Too-thin icing can take a long time to dry, which can result in a weird matte finish, or developing dimples in the surface as the water evaporates.
In general, you want the cookies to dry as fast as possible. I like to lay them out in a single layer on my work surface, in front of a fan.
As is, this recipe results in stiff icing - stiff peaks, will hold a sharp edge when piped, etc.
It’s soft enough to pipe, but when dropped back into the bowl of icing, there will be no spread.
This thick consistency icing is the right consistency to pipe things like roses - other heftier icing flowers - for the “glue” and detailing on gingerbread houses, etc.
This is a thicker consistency icing, but slightly thinner than stiff.
If you drop some back in the bowl, it WILL level out, but slowly - around 20 seconds, maybe more.
This is the proper consistency for piping cookie borders, overpiped borders, and details after the base surface of a cookie after it’s dried (the next day, usually.)
Border & Fill Consistency
I’m a bit old school and generally border decorated cookies with an “outline consistency” (medium), before flooding with a flood consistency icing, but “border and fill” is an icing consistency that can do both in one shot.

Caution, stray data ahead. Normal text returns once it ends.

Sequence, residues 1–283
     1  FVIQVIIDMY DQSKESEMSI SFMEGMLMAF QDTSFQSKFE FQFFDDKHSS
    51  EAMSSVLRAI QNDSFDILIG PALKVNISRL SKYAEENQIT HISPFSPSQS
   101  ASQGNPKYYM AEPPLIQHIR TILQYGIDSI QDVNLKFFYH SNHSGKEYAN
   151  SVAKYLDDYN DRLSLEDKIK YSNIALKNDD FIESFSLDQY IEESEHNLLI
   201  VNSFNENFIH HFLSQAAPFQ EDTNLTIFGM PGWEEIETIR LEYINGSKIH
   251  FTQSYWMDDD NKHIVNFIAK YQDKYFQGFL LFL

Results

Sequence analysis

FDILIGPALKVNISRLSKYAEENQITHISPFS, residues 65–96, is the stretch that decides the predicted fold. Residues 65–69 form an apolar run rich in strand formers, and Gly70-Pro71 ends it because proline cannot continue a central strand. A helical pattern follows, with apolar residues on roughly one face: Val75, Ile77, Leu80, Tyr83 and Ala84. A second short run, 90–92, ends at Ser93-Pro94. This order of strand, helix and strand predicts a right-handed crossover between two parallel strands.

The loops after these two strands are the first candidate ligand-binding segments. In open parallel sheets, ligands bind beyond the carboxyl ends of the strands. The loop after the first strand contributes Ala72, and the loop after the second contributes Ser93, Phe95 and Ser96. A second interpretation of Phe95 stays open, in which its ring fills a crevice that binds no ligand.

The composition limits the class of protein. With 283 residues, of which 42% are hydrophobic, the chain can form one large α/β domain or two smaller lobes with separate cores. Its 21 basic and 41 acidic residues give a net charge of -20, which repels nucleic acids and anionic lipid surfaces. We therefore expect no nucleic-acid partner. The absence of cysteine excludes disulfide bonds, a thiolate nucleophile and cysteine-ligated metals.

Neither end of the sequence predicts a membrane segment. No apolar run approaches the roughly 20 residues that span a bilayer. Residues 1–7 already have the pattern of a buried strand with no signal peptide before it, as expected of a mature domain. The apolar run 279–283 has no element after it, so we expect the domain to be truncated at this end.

The desired consistency for this use is “15-20 second icing”, or “15-20 count icing”.
When using this, you’d still pipe a border, you’d just use the same bag of frosting to immediately flood icing across the surface of the cookie.
Thin / Flood / Flow Consistency
This is a thin icing - the thinnest you’re going to want to deal with - and it will level out in 7-10 seconds.
It’s the proper consistency for flooding areas of cookie that have been piped with a thicker border, to create a smooth base of solid color to decorate over.
Tips for Use
Storing While Using
Keep your royal icing covered at all times, as any drying out will affect its ability to be piped cleanly.
While some people recommend using a damp paper towel or damp towel over the bowl, I prefer to keep plastic wrap right on the surface.
Damp cloths can introduce more moisture to the frosting, and affect the consistency.
I like to keep the main batch of royal icing in one bowl, and portion it out to small bowls for coloring and thinning as needed.
Also: thinning it out doesn’t really affect the color, thickening does tend to mute it a bit.